Residents object to housing plans
PUBLISHED: 09:41 21 January 2008 | UPDATED: 08:18 02 June 2010
CONCERNED villagers have called for plans to almost treble the size of a housing estate to be thrown out by planning officers. They fear increased traffic will put residents safety at risk if five homes are added to the six already approved for Miller s
CONCERNED villagers have called for plans to almost treble the size of a housing estate to be thrown out by planning officers.
They fear increased traffic will put residents' safety at risk if five homes are added to the six already approved for Miller's Rest, Upwell, next to the Old Mill.
In statements to West Norfolk Borough Council, both Upwell Parish Council and residents of Russell Drive, Outwell, have lodged their objections.
Developer Slaley Homes has bought extra land next to the south-west border of the site, the car park of the Old Mill, which is being converted into apartments.
A supporting statement by architect Peter Humphrey says the area of potential development has "therefore increased enabling the addition of the further five units".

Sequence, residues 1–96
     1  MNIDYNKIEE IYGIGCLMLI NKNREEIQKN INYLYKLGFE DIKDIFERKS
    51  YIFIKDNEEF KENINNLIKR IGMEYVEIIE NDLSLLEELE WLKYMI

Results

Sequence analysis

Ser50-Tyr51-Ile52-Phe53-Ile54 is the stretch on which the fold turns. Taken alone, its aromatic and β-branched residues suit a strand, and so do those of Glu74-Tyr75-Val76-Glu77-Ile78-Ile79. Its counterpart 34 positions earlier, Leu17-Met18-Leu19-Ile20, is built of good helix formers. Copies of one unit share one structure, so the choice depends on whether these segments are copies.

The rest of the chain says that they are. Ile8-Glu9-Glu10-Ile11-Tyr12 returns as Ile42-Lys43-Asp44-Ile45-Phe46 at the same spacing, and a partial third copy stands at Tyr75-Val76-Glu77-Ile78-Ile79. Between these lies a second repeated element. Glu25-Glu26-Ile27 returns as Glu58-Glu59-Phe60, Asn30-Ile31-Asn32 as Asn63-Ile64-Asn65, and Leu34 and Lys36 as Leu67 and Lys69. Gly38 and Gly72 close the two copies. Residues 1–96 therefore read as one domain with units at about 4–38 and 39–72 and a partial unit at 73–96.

But the parish council says the original approval for six homes includes a provision for amenity space, and that Mr Humphrey's statement refers to "discussion with the parks department on the provision of appropriate play equipment".
The parish council adds: "Without the space to locate this, these negotiations are pointless.
"The remaining plots of Miller's Rest site should be used to provide amenity space and the Old Mill site should not be developed over and above the apartments for which permission has already been granted."
Three residents of Russell Drive, which neighbours Bridle Close, have also raised objections with the borough council.
Pauline Love said: "An increase of at least 20 cars passing through Bridle Close on to the main estate would increase the possibilities of an accident."
Mrs J Brunt said: "A pair of semis and the detached house will block out a lot of light."
And Mr C Thorne said: "There will be added pressure on local amenities such as GPs, nurses and local schools.